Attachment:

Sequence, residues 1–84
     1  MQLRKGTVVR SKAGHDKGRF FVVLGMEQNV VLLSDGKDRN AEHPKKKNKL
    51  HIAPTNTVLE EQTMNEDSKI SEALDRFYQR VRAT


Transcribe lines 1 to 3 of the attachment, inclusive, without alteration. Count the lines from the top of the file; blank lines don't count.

Sequence, residues 1–84
     1  MQLRKGTVVR SKAGHDKGRF FVVLGMEQNV VLLSDGKDRN AEHPKKKNKL
    51  HIAPTNTVLE EQTMNEDSKI SEALDRFYQR VRAT